What is the NVIDIA GeForce RTX 3080 GPU mining hashrate?
Great for gaming and crypto mining
When using DaggerHashimoto and configuring the NVIDIA GeForce RTX 3080 to optimal settings, you'll easily get a hashrate of more than 95MH/s. That's at about 240W, which is pretty solid when you consider an RTX 3060 Ti would achieve about 60MH/s at 130W. It's always important to have your GPU running below 60C if possible.
So, how much does that translate into money? According to NiceHash, which uses actual mining data from connected mining rigs, you can expect to see around $7 per day. This is taking into account a charge of $0.10 per kWh of electricity and may not be accurate with the latest crypto prices.
With a motherboard, processor, RAM, and storage also up and running, you should expect around $6 per day as a better estimation. This totals $42 per week and $168 per month in profit. If that wasn't enough, you'd be looking at around $2,016 per year with these figures. It's clear to see why so many are looking to use their GPUs for cryptocurrency pool mining.
Earn a passive income from your gaming PC
Have a gaming PC that you use quite often but don't game on all the time? You may want to look at using the best graphics card available to you and mine some cryptocurrency. It's possible (and more lucrative) to go it alone, but I prefer to let software handle mostly everything for me, which is why I recommend NiceHash.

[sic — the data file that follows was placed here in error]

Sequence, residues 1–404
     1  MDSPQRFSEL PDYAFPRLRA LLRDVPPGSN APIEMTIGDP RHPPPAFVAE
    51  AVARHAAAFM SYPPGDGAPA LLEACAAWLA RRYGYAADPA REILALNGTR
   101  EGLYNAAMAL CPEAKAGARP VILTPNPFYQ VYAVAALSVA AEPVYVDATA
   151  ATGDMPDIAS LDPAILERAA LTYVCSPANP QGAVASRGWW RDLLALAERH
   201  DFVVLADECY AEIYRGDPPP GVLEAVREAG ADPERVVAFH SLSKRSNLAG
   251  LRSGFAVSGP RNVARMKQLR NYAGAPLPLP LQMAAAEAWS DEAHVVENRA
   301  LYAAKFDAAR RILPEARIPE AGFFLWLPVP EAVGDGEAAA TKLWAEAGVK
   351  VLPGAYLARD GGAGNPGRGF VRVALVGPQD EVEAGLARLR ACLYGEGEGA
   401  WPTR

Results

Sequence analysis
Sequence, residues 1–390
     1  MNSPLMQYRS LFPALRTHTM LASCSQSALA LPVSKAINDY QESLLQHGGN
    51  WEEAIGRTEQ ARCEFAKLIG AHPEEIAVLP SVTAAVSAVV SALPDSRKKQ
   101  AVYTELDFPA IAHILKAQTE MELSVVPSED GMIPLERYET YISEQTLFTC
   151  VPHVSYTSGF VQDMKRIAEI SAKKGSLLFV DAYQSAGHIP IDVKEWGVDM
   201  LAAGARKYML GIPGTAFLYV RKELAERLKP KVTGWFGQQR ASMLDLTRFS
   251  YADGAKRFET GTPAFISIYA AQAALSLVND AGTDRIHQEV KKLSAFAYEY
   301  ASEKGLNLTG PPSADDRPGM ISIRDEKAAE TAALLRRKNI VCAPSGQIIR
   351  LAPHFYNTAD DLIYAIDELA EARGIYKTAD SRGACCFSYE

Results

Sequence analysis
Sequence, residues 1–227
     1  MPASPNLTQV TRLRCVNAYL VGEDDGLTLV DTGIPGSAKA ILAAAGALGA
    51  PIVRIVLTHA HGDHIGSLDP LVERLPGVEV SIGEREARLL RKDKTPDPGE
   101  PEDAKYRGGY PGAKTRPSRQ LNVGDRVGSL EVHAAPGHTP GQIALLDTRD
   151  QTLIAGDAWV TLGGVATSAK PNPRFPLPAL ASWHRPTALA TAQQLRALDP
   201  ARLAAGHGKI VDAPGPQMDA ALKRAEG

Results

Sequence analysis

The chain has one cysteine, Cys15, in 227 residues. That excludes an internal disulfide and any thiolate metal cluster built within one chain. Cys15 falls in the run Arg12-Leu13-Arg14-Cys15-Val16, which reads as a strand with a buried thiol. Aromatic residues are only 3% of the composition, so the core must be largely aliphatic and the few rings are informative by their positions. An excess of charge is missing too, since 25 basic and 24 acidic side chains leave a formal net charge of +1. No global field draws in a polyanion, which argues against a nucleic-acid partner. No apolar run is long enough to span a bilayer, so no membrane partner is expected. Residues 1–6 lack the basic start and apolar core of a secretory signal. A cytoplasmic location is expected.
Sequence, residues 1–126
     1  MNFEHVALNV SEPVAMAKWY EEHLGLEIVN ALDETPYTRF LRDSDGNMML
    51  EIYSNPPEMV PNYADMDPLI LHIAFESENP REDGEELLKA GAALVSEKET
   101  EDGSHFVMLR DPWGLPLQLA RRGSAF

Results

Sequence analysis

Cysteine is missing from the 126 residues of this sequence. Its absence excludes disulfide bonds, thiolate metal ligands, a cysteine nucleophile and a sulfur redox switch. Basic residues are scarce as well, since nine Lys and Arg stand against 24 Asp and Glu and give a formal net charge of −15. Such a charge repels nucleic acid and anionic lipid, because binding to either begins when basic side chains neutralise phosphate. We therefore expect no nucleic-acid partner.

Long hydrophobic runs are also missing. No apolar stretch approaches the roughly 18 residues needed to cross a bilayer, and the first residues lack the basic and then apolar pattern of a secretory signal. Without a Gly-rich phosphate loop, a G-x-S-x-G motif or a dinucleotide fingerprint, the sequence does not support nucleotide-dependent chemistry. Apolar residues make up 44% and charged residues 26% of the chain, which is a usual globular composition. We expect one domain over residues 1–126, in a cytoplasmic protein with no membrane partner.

I've already gone into detail on how to mine crypto and earn passive income with your gaming PC, but all you need to do is download and run NiceHash, create an account, and let it do the rest for you. You can then transfer profits paid to you in Bitcoin to a wallet of your choice.
To mine or to game?
Not only can this graphics card play games at 4K, but it's also really good at mining cryptocurrency.
Rich Edmonds is Senior Editor of PC hardware at Windows Central, covering everything related to PC components and NAS. He's been involved in technology for more than a decade and knows a thing or two about the magic inside a PC chassis. You can follow him over on Twitter at @RichEdmonds.
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